Cyberbulling is a particularly destructive, intense form of bullying that can devastate a teen or tween who becomes a victim. Adults can be cyberbullied, too, but if we can gather anything from the deluge of suicides in the last few years due to recurring cyberbullying, it's that cyberbullied teens and tweens are the ones particularly crippled by the effects of online bullying.
Statistics back up this particularly grim picture of cyberbullying and how it's impacted by age. The Pew Internet and American Life Project found in a July study of 799 families that 20% of teens say that their peers are “mostly unkind” online. Another 11% said that “it depends.” On the other hand, adults ages 18 and older says that only 5% of their peers are “mostly unkind” online.
Older statistics from a 2007 Harris Poll support these findings. Bullying reaches its worst at that ages of 15 and 16, then begins to taper off again. Only 26% of 13-year-olds surveyed said they'd ever been bullied online. 54% of 15-year-olds and 52% of 16-year-olds said that they had been cyberbullied. But only 33% of 17-year-old respondents reported cyberbullying, suggesting that cyberbullying is worst in early high school and begins to taper off as kids grow up.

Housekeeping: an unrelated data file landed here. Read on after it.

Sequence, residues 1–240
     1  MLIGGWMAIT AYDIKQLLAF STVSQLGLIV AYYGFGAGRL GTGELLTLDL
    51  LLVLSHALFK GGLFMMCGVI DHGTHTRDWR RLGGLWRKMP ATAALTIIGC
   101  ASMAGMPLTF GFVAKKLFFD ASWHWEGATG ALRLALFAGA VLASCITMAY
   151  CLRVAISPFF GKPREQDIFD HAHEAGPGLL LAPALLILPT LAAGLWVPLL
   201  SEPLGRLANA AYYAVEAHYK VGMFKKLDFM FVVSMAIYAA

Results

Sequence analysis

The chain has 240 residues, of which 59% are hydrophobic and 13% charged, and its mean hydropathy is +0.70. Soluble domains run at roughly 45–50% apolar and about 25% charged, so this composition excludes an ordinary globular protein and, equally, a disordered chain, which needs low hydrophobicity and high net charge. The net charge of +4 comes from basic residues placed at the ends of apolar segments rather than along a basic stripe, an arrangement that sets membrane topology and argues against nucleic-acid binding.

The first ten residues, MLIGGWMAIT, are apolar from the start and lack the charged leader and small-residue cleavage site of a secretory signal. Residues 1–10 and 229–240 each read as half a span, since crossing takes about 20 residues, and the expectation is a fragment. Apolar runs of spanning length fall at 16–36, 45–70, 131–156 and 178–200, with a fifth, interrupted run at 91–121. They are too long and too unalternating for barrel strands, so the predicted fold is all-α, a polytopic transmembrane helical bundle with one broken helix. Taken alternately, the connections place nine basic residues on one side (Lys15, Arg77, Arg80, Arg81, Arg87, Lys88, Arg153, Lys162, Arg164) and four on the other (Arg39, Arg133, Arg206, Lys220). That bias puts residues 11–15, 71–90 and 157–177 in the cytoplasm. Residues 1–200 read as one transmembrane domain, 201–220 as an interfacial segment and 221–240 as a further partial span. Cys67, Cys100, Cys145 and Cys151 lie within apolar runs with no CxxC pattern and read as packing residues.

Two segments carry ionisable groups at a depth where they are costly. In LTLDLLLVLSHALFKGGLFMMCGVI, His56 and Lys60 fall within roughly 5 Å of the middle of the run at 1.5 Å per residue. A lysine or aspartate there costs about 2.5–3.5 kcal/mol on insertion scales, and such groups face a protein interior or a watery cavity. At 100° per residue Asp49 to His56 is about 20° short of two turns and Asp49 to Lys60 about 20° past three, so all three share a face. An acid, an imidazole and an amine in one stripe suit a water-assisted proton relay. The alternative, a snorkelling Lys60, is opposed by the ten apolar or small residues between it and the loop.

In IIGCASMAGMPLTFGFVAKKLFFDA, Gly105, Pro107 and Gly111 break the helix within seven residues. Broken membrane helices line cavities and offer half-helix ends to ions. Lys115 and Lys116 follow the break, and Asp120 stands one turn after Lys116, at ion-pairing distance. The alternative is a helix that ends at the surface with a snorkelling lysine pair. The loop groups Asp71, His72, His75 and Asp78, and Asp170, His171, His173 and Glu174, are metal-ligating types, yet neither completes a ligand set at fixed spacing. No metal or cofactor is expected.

But along with these practical tips, help them to see the big picture: this won't last forever, and it gets better after high school.
If you are the parent of a cyberbullied child, help them learn how to block cyberbullies from communicating with them, teach them not to respond, and tell them that they can use various resources to combat the bullying.